Liane Carroll – Ballads
(Quiet Money Recordings QMR0002CD. CD review by Chris Parker)
From the hushed reverence of its opening track, ‘Here’s to Life’, to the rueful melancholy of its closer, the Felice and Boudleaux Bryant classic ‘Raining in My Heart’, Liane Carroll’s Ballads is so deeply felt, so intensely personal, that all assumptions that previous versions – whether by (as with these two), Shirley Horn or Buddy Holly respectively, or even Frank Sinatra (‘Only the Lonely’) and (‘You’ve Changed’) Billie Holiday – would forever remain ‘definitive’ are simply blown away.
For Carroll does not merely interpret these songs, she inhabits them, intimately confiding in her listeners, so that everything from Todd Rundgren’s ‘Pretending to Care’ and Carole King’s ‘Will You Still Love Me Tomorrow’ to more conventional jazz standards (‘Mad About the Boy’, ‘My One and Only Love’) is imbued with unaffectedly sincere, heartfelt emotion.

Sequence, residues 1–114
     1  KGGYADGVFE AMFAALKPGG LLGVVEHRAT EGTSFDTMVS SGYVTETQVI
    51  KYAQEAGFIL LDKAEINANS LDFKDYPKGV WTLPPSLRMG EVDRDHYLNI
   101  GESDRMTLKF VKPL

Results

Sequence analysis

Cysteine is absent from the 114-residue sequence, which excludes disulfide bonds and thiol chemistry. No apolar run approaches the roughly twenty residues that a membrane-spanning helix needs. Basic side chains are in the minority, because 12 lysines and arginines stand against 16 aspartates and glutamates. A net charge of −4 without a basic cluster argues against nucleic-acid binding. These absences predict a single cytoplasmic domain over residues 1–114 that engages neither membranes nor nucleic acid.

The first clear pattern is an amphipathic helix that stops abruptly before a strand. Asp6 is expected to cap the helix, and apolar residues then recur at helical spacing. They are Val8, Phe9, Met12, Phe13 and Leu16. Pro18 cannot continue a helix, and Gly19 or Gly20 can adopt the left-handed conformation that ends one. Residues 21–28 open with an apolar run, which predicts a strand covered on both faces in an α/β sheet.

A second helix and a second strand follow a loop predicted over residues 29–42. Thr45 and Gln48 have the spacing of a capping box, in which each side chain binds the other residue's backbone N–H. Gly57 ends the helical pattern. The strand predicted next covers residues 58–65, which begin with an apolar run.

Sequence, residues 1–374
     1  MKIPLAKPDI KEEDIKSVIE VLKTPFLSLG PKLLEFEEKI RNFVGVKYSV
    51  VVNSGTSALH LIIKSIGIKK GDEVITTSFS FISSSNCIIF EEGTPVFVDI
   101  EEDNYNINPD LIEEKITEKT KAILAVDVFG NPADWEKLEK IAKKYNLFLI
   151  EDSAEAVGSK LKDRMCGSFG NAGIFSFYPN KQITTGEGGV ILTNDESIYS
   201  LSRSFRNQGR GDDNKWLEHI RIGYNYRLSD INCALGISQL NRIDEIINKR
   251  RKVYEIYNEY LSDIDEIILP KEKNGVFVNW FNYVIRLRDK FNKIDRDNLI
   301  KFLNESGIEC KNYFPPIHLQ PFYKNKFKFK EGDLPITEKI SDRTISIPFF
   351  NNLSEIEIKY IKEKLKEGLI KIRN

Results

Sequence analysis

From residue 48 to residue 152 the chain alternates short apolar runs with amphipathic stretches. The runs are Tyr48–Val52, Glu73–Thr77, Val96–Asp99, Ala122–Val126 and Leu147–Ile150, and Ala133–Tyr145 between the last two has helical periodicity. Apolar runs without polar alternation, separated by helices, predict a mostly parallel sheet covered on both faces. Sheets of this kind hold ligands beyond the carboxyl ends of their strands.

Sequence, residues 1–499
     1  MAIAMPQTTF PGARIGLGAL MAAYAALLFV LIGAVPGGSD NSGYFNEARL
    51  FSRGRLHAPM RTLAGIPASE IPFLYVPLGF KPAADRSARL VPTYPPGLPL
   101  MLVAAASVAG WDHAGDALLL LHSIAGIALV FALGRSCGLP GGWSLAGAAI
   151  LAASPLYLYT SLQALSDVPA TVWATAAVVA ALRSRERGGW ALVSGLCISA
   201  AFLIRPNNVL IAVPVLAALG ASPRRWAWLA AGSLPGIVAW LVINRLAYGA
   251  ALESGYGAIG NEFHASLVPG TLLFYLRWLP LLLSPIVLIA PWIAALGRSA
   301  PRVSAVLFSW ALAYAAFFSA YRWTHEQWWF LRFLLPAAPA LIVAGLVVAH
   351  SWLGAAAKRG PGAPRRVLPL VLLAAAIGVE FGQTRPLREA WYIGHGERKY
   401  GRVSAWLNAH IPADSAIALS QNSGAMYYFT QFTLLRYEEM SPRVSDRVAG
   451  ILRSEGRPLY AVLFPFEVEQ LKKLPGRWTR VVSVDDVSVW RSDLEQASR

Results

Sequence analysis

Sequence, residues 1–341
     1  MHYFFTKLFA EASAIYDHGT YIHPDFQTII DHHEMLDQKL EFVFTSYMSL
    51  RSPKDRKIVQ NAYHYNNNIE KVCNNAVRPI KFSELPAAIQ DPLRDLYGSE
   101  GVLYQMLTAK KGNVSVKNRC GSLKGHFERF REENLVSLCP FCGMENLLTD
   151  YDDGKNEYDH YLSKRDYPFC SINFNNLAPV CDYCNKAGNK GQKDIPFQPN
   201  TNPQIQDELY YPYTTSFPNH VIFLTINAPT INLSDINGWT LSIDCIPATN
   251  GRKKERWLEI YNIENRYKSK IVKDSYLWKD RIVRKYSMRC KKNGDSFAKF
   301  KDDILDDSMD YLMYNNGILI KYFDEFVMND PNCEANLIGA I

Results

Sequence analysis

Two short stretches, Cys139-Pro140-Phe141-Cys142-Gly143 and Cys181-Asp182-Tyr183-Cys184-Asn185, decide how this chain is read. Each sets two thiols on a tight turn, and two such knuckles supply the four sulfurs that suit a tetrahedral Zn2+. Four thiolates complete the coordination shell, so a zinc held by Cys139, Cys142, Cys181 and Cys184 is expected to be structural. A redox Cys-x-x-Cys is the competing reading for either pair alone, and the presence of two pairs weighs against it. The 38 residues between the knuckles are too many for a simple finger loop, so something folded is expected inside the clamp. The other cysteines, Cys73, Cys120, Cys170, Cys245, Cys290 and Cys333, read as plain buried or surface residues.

Entirely eschewing the vocal pyrotechnics that disfigure so much contemporary balladry, Carroll’s singing wrings the heart in a manner achieved by a precious few, and with beautifully judged instrumental contributions from the likes of Gwilym Simcock, Julian Siegel and Kirk Whalum, not to mention the supremely tasteful string arrangements of Chris Walden, this is a gem of an album that should, if there is any justice in the world, become an instant classic.
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